- Find a GOOD writer’s conference and go. You’ll meet many writers who are still starting out, but you’ll also get to meet and talk with some very good, established writers. I’ve attended the first 10 New England CrimeBakes and have had the opportunity to meet and talk such noted authors as Lee Child, Robert B. Parker, Lisa Scottalioni and Janet Evanovich. Talk to everyone and anyone you meet there. It’s tough to get top writers such as those I mentioned to read your work but if you can get them to look at it you may get a reference to their agent—that is a tremendous help. Don’t expect them (or an agent, for that matter) to read anything at the conference, but take business cards and spread them out. They may ask you to forward something to them and will provide you with feedback. One thing I’ve learned is that writers love to help other writers. Make sure the conference is one that offers the opportunity for you to make a pitch to an established Literary Agent…they will usually as for a sample of your work if it interests them. My experience is that you never bring a manuscript to the pitch (the agent will not be able to carry all of them back so they will not accept it). Don’t restrict your pitch to the organized session. Try and obtain a copy of the conference program before hand and research the agents who represent the type of work you do. It does no good to pitch a romance to an agent who doesn’t represent it. Work the cocktail lounge! Agents love it when a writer will spring for drinks and will spend some one-on-one time with you. Also, do not be too aggressive when approaching an agent, they’ll be swamped with people and I’ve learned that I got more attention from them when I don’t approach them with an immediate pitch. I usually start by making small talk and eventually the agent will ask “What do you write?” Don’t go on a long dissertation of your work. Develop a 30 second pitch…imagine that you end up on an elevator alone with an agent and have 30 seconds to tell him/her about your book…make the best use of your time.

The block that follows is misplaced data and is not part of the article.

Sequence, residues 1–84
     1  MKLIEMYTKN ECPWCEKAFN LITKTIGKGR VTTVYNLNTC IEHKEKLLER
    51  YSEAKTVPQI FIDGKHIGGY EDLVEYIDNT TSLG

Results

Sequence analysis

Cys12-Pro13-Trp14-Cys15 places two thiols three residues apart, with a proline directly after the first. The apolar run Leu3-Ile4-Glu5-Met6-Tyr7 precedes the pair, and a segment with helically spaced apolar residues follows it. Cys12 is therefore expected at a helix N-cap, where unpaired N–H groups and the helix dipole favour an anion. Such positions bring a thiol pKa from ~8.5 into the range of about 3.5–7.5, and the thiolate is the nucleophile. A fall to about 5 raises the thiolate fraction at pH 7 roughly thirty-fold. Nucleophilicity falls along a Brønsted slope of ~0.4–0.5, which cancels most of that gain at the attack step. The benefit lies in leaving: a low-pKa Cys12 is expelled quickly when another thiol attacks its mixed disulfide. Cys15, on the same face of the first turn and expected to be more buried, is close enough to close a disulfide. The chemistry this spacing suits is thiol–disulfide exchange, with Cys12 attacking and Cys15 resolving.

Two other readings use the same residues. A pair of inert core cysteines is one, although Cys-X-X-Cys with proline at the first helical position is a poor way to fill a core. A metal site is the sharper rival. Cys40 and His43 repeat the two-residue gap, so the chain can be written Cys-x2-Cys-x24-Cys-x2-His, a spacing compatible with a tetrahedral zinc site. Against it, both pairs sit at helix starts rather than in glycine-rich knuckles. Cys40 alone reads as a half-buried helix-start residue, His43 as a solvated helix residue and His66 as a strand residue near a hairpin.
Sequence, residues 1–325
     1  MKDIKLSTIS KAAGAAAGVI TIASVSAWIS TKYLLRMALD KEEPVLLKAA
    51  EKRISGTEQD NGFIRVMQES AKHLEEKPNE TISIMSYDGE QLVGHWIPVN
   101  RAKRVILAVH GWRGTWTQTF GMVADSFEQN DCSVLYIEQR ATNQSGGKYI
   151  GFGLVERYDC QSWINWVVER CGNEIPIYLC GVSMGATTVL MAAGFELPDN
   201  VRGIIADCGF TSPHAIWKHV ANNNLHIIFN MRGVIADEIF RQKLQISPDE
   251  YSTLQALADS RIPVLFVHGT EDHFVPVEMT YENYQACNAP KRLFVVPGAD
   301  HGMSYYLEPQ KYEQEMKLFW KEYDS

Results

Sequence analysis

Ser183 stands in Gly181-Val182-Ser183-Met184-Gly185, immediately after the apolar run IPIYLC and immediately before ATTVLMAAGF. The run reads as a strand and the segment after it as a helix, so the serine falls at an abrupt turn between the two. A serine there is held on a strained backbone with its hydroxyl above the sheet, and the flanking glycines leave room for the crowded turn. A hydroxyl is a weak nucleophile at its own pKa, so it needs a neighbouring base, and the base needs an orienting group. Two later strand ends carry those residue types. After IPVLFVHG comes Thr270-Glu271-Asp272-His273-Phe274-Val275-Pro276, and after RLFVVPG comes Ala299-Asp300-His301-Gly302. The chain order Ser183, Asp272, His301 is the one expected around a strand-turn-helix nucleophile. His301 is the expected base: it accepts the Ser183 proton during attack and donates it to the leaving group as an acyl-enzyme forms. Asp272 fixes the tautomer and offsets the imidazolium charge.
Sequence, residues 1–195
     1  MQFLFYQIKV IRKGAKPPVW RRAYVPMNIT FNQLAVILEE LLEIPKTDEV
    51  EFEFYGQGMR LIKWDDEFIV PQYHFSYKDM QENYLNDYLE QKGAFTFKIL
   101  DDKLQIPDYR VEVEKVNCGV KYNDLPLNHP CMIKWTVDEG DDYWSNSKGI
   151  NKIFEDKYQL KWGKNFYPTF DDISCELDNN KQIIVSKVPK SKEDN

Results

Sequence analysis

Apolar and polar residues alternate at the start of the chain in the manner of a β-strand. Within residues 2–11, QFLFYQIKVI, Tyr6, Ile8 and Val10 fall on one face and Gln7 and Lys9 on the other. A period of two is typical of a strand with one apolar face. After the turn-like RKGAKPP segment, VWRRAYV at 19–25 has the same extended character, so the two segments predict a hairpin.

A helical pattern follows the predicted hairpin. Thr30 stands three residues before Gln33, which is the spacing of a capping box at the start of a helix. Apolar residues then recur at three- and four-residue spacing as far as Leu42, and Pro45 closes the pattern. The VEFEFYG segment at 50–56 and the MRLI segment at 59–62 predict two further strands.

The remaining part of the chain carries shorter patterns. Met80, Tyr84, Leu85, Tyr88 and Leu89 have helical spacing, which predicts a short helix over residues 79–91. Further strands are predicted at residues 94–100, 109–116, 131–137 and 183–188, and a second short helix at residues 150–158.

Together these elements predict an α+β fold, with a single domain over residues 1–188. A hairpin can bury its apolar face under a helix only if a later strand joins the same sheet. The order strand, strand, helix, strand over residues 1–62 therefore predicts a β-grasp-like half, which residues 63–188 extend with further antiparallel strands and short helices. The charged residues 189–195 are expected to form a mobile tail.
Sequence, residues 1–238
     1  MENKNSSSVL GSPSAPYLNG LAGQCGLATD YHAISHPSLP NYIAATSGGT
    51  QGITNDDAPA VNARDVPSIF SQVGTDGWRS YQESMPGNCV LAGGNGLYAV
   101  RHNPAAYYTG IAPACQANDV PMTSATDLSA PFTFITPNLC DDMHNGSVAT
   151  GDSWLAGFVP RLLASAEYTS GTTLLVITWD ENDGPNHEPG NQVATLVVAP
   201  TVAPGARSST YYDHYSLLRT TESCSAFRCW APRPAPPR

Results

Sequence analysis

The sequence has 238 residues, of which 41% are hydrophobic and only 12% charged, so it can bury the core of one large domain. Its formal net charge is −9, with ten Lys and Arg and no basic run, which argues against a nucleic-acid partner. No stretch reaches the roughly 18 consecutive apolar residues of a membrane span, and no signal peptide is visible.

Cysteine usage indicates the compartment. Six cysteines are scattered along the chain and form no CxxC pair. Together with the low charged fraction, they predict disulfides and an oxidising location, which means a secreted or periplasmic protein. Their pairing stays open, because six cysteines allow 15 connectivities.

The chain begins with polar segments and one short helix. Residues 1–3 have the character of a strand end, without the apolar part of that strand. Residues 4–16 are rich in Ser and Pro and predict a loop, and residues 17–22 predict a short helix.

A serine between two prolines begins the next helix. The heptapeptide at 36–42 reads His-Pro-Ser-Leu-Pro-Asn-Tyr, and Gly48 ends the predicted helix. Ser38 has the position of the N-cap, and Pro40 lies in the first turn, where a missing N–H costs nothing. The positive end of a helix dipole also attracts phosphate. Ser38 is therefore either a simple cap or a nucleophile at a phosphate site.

- Develop a tough skin, learn to deal with rejection. Remember that writing is no different than any other business in that it’s about sales. You can write the book ever written, but if it doesn’t have a market no one will touch it. If an agent feels that it would require too much effort to sell your book they’ll pass on it. Even Stephen King was rejected hundreds of times before he made it.
- Read everything you can find by successful writers in the genre you want to write. Don’t read for enjoyment, read for how they advance the plot, develop characters and how they structure each and every sentence.
- Last of all, write, write and them write some more. On average, once a person decides they want to be a writer, it takes about 10 years to really perfect your skill (not that many writers haven’t done it in a much shorter time span). Don’t get hung up on reading about writing. As a writer friend once told me, “You spend so much time reading about writing, you don’t have time to write!” You can’t learn how to drive a car or fly a plane from a book…you have to do it.